I had such a fantastic time for our first anniversary. It was so wonderful to have as much fun as we did and to be able to experience it all with people we both love so much. It was truly special. If that is just the first one, I cannot wait to see what the rest of our anniversaries have in store in the future.

September 24, 2017

There is really no way the next day could have topped our anniversary, but we sure gave it a shot.

Much of the next day was spent exploring Salzburg, which considering it was our third day there, was long overdue. After Klara directed us out of harms way from the evil tow truck, we entered the city center to see Salzburg’s version of Oktoberfest including beer and rides. It was much smaller than Munich’s Oktoberfest but attracted a lot of people into the city.

The most popular attraction in the city besides Oktoberfest we visited was Mozart’s birthplace. Since we did not go inside, it was not much of an attraction but it was still interesting to be able to see where the prodigy began his musical career, one that still endures today and influenced a lot of subsequent Western music.

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Other than that singular attraction, we still had an amazing time wandering the streets of Salzburg. From the minute I had first visited the city almost ten years ago, I have always remembered the beautiful three stored alleyways full of shopping and cobblestone streets that epitomize the European street that many in the United States picture “Europe” to be. The riverfront was also lined with many different stalls that we perused for a good chunk of time before wishing Klara goodbye as she was called on to play as a sub for her soccer team in her hometown.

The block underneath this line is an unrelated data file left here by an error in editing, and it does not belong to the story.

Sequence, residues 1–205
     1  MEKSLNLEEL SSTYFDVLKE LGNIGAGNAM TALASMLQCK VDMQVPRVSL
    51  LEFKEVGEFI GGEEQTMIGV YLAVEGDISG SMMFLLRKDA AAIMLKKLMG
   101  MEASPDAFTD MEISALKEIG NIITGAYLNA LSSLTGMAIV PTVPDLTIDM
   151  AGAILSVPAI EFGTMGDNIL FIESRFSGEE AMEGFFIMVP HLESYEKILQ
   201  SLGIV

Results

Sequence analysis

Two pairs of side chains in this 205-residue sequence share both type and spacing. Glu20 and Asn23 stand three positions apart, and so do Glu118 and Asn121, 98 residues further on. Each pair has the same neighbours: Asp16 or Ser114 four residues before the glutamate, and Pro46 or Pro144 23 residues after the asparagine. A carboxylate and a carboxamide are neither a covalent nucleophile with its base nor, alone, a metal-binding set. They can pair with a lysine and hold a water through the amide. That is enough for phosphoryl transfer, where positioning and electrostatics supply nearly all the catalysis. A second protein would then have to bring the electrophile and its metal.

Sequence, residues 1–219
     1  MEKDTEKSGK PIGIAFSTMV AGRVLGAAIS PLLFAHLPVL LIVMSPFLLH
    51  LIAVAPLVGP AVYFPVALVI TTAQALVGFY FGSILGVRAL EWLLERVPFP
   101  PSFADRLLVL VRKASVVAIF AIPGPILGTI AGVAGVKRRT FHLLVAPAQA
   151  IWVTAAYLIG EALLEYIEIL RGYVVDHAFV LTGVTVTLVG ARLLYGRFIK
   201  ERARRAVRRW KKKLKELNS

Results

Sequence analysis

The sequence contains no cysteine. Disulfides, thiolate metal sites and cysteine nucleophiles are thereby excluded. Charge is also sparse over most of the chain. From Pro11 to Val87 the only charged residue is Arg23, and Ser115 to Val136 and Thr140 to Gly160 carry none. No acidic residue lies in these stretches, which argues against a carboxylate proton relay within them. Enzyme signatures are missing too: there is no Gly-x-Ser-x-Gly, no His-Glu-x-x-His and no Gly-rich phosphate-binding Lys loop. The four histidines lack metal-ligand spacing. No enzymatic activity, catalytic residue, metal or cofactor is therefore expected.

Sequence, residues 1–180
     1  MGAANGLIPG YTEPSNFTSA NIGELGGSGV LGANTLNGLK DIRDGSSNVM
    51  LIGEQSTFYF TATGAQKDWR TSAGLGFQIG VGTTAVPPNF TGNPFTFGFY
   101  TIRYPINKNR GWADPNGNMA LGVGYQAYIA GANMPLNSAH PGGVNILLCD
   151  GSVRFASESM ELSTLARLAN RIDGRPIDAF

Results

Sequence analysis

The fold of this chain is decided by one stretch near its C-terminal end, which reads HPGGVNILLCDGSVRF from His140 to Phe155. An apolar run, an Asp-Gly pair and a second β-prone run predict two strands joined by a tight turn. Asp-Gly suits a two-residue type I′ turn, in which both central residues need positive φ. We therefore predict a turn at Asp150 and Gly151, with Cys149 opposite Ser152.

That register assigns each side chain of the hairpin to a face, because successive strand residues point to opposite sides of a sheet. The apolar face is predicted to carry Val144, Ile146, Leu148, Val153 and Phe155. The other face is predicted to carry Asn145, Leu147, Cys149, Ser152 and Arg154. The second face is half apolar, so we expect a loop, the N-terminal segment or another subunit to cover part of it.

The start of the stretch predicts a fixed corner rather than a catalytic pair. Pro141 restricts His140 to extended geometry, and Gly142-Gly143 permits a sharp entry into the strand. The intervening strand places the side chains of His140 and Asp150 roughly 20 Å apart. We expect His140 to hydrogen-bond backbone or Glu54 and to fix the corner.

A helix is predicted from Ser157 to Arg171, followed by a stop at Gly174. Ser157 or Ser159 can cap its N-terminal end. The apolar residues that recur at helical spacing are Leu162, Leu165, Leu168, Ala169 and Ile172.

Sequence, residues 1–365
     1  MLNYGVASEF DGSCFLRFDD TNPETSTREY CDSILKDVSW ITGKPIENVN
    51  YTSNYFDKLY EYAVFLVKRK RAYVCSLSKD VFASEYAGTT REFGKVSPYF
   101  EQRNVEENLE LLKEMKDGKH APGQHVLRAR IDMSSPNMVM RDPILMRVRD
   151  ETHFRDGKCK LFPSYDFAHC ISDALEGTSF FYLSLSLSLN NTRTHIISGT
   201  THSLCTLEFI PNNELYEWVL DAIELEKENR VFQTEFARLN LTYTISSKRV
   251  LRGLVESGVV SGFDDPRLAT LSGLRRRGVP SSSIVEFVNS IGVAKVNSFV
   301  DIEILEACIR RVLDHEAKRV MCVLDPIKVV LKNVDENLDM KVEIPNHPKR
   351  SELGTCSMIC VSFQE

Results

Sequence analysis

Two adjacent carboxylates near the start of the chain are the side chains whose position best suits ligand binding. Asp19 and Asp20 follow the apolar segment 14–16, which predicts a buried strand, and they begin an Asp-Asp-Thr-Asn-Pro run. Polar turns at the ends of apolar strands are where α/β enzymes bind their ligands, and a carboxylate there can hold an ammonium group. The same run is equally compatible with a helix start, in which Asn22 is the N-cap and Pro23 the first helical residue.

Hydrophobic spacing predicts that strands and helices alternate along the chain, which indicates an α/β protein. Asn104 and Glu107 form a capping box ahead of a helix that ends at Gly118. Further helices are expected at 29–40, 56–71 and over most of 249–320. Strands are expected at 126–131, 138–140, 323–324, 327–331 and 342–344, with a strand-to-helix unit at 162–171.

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For lunch, we stopped and had our first American meal of burgers and fries at a place near the city called Burgerista. It was sort of similar to fast food like McDonald’s but to me had a much better-tasting food that was closer to the quality of Five Guys.

On the topic of fast food, I have had McDonald’s in Europe before and the quality of food of European McDonald’s vs. American McDonald’s is crazy. Yes, it is more expensive, but for someone like me who approves natural food over cheap food, I see no issues with having a burger in Europe at McDonald’s where I literally refuse to eat there in the United States. It is a much more gourmet experience here, just FYI.